Provender Brown Perth Deli

Martine's Fondue Recipe

We've called on the queen of Fondue, Martine, for this fabulous blog and her top tips for creating the perfect cheesy melting pot.

Fondue had its origins in 18th century Switzerland but the word comes from the French - fondre - meaning “to melt.” It was only right, therefore, that we asked our very own European queen of cheese, Martine, for her fondue recipe and top tips.

The Fondue Assignment

"When Diane asked me to scribble a few words on my take on Fondue to share with you, I thought: Yeah, sure. I’ve done it often enough with customers over the years. Let’s do it!

"Oh… but no!  I couldn’t just stick - even roughly - to the ideas I’ve had on the subject for the last 30 years or so. No, no, no.

"I HAD to go and dig into the Fondue world, didn’t I? Why oh why didn’t I take the blue pill? After hours bouncing around from ‘The Best Fondue’ to ‘The Original Fondue’, ‘The Proper Fondue’, ‘The Fondue Savoyarde vs the Swiss Fondue’, the neverending Franco-Swiss cheesy feuds over Vacherin, Gruyeres, Emmental, Emmentaler, Raclette, AOP, PDO, IGP …. I finally lost it!

"The hot bubbling cheese mix between my ears was about to direct you to the Group Recipes website and their Laughing Cow fondue recipe, where they make a point of warning visitors not to mistake the shiny triangle cheese with the wee red waxed one, because it would make for a very different Fondue. Indeed!

"For my own sanity, or what little was left of it, I went back to basics and our Provender Brown cheese counter. If you’ve never had Fondue before, I would say, go Swiss. 50% Gruyere, 50% Emmental. Once you’ve enjoyed that, it’s time for French fun and a whole lot of different flavours. I’ll give you 3 groups of cheeses and it’s up to you to mix and match.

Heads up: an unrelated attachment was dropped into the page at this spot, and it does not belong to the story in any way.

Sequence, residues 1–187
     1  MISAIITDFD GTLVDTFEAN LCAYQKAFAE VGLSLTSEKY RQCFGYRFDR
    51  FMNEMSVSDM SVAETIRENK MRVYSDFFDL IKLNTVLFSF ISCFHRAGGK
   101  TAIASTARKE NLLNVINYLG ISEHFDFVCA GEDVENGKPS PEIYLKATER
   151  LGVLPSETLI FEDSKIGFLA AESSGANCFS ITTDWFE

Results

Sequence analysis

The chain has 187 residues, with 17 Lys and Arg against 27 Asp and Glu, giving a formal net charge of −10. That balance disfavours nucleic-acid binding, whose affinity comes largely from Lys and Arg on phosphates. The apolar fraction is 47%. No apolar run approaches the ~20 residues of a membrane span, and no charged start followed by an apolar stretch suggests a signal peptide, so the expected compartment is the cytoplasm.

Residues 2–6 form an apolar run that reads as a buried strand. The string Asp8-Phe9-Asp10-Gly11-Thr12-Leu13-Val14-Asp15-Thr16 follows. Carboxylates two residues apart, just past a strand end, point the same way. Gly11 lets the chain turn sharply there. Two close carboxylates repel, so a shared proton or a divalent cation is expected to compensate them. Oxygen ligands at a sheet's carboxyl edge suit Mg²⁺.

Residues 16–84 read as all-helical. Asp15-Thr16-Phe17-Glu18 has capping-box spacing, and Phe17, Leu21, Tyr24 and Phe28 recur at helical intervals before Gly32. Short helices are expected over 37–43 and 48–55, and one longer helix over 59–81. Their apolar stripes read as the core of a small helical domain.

Cheese Base 

Choose one from each.

  • The hard, strong base: Gruyere, Landana, Old Amsterdam, Comte, or Appenzeller.
  • The semi-hard, for the stringiness: Emmental, Jarlsberg, Fat Cow or even Gouda with cumin.
  • The soft, runnier, final note: Reblochon, Raclette, Taleggio or Tartu (truffle Taleggio)


  • 800g of your mix of cheeses in similar proportions 
  • 300ml Sauvignon Blanc
  • 5cl kirsch
  • 2 Tbs Cornflour
  • 1 clove garlic
  • Ground Nutmeg
  • Pepper
  1. Grate the Hard and Semi cheeses, cube the soft one, sprinkle with cornflour.
  2. Rub the inside of the pot with garlic and save to use another day.
  3. Heat the wine and kirsch in the Fondue pot. Once this is simmering, add the cheeses. Stir on low heat until the mix is smooth - certianly long enough to cook off the wine. It takes about 20 minutes.
  4. Add a good pinch of nutmeg and as much pepper as you like. Get your picks ready!

"For the bread, I would strongly recommend Wild Hearth sourdough bread. The miche is very nice, but the White sourdough is even better with its nooks and crannies to capture the scrumptious cheesy mix!

"Of course, you can choose and enjoy dipping potatoes, meat cuts of all variety, raw vegetables, my favourite is gherkins. Can’t live without them! But whatever you fancy picking through, you’d better make sure it sticks and comes out of the pot. Or else, beware of the forfeits for they can be as versatile as the fondues themselves!

"Bon Appetit! - Martine"

PS If you'd like to go the super easy route then try our Emmi Classic Fondue Packs. Ready made Fondue in boxed sachets (includes wine & Kirsh). Just heat and serve.  It is surprisingly good! 



The History of Fondue

Fondue comes from the French “fondre”, meaning “to melt,” but its origins are actually Swiss, going all the back to the 18th century. What is now the best way to spend a weekend night in with friends, was once a means for poor agricultural families to stretch their provisions through the winter months.

With some remaining cheese, some stale bread, and a dash of wine the family could survive the long, cold months. By dipping the stale bread in melted cheese, it became soft and delicious and so began this Swiss tradition.

The first written recipes appeared in 18th century cookbooks in France and Belgium, although strangely, they still called for Gruyère, a decidedly Swiss cheese! The widespread love of fondue followed a 1930s campaign by the Swiss Cheese Union (Schweizerische Käseunion) to increase cheese consumption in Switzerland - after which it was more frequently enjoyed by people of means!